Director-General of the Interior Ministry’s Population and Immigration Authority Shlomo Mor-Yosef and Deputy Director-General of the Prime Minister’s Office Udi Praver said they submitted an urgent request to the Government Secretariat to discuss the matter at a cabinet meeting.
They informed the Chairman of the State Control Committee MK Shelly Yacimovich (Zionist Union) that the approval would be given within four weeks for funds for the aliyah to be included in the 2018 budget.
In 2017, 1,308 Ethiopians immigrated to Israel, in accordance with the latest cabinet decisions on the issue, which stated that up to 9,000 Ethiopians could be brought to Israel by the end of 2020. A new cabinet decision is needed to allow for continued aliyah from Ethiopia this year.
The group of Ethiopians waiting to immigrate are known as known as Falash Mura, the name given to those members of the Beta Israel community in Ethiopia and Eritrea who – under compulsion and pressure from missionaries – converted to Christianity during the 19th and 20th centuries.
Since their ancestors converted to another religion, they are not covered by the Law of Return, which grants the right to immigrate to Israel and gain citizenship to anyone with a Jewish grandparent. Instead they are brought according to the Law of Entry and are required to convert to Judaism once they are in Israel.
The path to peace in the Middle East might be navigated not via a dove carrying an olive branch but by a lowly barn owl.
Barn owls have been used in Israel since 1982 as an alternative to toxic chemicals for killing voles, which at the time plagued Israeli agricultural fields. The preferred chemical against rodents – known as compound 1080 – had been banned a decade earlier in the United States, although not in Israel.
Ornithologist Yossi Leshem thought that owls might be able to control the rodents more naturally.
Leshem set up an experiment at Kibbutz Sde Eliyahu in 1983. Three decades later, the barn owl approach has spread throughout the Palestinian territories and into Jordan as well.
“Birds have the power to bring people together, because they know no boundaries,” says Leshem, who teaches at Tel Aviv University.
That’s in part how 22 participants from 10 governments (including Egypt, Tunisia, Morocco, Cyprus, Greece, France and Switzerland in addition to Israel, the Palestinian Authority and Jordan) came together in January to share research from their barn owl vs. rodent experiences.
The group met at the Crowne Plaza resort hotel on the Jordanian side of the Dead Sea where they discussed scientific findings and hatch plans. Field trips were organized to visit barn owl nesting boxes in the Jordan Valley, as well as to Amman and Petra. A follow-up in March will see some of the Middle Eastern researchers visit California State University in Sacramento, where they will be hosted by conservation biologist Sara Kross.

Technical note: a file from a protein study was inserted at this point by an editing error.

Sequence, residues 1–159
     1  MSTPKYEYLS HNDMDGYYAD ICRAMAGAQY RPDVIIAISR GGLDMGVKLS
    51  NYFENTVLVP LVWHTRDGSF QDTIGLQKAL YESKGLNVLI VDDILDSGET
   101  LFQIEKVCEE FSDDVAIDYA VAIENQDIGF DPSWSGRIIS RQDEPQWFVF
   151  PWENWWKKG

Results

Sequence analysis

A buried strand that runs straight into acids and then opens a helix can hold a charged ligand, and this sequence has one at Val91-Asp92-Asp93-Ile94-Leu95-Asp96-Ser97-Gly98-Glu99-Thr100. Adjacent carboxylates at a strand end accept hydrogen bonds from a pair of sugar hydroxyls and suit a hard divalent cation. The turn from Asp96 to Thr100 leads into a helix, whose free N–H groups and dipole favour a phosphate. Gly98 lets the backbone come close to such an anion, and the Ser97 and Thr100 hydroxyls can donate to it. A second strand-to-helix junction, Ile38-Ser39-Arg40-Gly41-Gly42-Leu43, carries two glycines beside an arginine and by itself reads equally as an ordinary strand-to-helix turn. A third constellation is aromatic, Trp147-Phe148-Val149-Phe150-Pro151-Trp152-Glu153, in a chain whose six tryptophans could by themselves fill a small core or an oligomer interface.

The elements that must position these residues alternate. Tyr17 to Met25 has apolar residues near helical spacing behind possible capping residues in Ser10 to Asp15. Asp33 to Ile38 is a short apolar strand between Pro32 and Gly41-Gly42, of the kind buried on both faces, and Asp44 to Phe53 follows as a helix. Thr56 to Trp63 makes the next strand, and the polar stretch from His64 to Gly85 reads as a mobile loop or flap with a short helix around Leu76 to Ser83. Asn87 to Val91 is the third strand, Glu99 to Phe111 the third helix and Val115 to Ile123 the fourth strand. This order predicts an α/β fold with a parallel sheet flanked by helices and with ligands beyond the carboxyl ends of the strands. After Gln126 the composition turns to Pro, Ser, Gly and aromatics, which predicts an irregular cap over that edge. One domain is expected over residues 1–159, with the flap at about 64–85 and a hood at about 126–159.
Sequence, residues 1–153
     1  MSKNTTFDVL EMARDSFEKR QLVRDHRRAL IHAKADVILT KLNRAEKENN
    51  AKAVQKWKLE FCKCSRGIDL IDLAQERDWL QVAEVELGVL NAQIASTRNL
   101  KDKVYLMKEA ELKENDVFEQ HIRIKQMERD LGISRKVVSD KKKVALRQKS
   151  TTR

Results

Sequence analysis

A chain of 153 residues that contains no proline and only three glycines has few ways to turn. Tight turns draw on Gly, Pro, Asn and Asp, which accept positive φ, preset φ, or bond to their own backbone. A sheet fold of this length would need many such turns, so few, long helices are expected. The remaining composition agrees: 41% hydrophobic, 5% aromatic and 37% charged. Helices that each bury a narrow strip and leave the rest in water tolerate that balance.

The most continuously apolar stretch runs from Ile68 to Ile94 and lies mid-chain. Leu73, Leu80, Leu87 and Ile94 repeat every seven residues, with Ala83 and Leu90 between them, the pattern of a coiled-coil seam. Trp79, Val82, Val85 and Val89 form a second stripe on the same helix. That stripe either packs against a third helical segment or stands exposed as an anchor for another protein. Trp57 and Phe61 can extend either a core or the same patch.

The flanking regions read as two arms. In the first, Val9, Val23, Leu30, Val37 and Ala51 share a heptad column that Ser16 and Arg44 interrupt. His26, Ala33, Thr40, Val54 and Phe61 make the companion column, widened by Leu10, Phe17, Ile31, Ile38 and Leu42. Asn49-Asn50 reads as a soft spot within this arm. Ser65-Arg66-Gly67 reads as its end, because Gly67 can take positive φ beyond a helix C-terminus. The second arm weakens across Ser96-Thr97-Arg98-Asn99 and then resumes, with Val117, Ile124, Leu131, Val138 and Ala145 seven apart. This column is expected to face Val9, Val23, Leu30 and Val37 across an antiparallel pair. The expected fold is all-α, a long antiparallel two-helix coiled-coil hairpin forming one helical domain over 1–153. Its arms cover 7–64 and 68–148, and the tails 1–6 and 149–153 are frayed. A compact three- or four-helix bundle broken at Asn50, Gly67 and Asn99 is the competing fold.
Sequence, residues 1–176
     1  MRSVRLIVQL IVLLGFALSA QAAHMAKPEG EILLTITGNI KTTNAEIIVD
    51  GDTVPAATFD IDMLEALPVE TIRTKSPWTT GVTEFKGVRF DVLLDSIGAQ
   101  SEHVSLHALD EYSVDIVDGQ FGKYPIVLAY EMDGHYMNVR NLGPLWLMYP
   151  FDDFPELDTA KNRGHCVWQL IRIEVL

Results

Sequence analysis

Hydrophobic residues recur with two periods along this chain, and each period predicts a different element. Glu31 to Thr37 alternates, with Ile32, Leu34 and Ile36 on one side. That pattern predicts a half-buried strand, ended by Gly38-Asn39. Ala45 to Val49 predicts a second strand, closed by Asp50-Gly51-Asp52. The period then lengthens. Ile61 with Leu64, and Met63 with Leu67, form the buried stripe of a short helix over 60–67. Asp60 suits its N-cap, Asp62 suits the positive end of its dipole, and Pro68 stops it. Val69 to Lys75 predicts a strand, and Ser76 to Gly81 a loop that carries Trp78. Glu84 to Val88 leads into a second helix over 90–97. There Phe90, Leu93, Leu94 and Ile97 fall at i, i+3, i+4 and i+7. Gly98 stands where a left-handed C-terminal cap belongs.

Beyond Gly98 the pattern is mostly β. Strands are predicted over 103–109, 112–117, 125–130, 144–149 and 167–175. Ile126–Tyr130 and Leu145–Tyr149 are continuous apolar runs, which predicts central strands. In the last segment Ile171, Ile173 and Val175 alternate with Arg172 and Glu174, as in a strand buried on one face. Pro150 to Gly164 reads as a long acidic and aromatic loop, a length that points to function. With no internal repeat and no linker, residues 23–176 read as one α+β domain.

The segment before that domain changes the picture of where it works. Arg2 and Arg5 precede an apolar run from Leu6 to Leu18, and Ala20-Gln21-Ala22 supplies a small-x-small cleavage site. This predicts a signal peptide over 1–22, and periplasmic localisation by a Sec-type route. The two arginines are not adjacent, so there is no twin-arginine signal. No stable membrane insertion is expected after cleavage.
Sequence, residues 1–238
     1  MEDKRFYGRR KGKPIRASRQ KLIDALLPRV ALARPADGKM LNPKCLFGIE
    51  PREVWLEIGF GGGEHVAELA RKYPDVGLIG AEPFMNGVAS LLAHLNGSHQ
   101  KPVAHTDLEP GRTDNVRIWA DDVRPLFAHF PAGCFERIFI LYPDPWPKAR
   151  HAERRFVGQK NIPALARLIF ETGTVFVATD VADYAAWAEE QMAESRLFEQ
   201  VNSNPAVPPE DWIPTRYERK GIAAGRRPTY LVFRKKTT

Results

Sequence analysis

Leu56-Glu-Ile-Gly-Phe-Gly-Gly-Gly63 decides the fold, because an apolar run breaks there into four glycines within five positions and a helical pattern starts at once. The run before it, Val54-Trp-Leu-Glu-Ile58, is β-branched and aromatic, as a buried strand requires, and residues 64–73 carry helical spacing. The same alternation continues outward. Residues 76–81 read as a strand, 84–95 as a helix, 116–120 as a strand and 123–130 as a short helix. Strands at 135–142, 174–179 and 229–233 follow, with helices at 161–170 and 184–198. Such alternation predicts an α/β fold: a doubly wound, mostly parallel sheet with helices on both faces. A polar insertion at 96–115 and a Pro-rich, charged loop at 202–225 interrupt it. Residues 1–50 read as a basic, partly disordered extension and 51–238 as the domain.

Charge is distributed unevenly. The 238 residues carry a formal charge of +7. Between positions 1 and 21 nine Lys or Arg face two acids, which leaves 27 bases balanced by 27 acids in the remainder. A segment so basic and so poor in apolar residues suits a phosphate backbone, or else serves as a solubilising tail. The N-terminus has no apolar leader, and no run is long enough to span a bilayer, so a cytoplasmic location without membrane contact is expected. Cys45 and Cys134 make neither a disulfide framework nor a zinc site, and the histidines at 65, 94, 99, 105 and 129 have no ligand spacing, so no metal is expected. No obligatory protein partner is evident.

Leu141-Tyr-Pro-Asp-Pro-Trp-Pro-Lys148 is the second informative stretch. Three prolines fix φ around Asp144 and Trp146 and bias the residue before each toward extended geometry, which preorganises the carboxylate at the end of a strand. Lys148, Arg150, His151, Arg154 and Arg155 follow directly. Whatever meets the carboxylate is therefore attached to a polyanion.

While the topic was formally owls, regional peace was never far from discussion.
“Scientists should continue their cooperation for the benefit and peace of people in the area,” emphasized Mansour Abu Rashid, who works with Leshem and directs the Amman Center for Peace and Development.
Pick up a basic guidebook on Jerusalem and it will have plenty of popular restaurant rankings and lists of facts and figures. What it won’t tell you is how to smell, taste and listen to the city of golden stone.
With the recently published “Jerusalem City Stories,” explorers can now ditch their smartphones and “Lonely Planets” to experience Jerusalem as a native. The guide weaves readers through hidden corridors and secret staircases towards the best cappuccinos and most authentic street food in town.
At times, Jerusalem can seem to be a city of disjointed sections, separated by Jews and Arabs or religious and secular. However, “Jerusalem City Stories” introduces readers to Jerusalem as a community of connected neighborhoods, each with its own flavor, but blended into one shared experience.
The guide combines short vignettes with dynamic illustrations of Jerusalem’s best spots to eat and experience, with plenty of empty space for readers to write and draw their own adventures into the book’s crisp pages.
The project was a three-way collaboration between friends sharing a love for the city and its people.
Eva Lavi’s earliest memories are of the Holocaust.
She remembers how her mother made her hide outside in below-zero weather, clutching a standing pipe, as Nazis searched her home in Poland. She remembers her father telling her to swallow a spoonful of cyanide — better than death at the hands of the Nazis — only to have her mother object at the last minute. She remembers seeing her twin cousins shot to death as they ran up a hill at a labor camp.
Lavi was 2 years old when Nazi Germany took over her hometown of Krakow in September 1939. Now 80, she wants to make sure her stories aren’t lost after she’s gone.
“There was no childhood for children my age,” she said in a speech to the United Nations General Assembly following International Holocaust Remembrance Day on January 27. “Regularly, we saw, heard, and understood everything the Nazis were doing to us. At 6 years old, children were cynical old people trying to survive.”
Lavi is the youngest survivor to have been on Schindler’s List, the Jews saved by German industrialist Oskar Schindler and immortalized in Steven Spielberg’s 1993 film. Lavi was put in a ghetto in Poland with her family immediately after the Nazi takeover, transferred to a labor camp, and then to Auschwitz.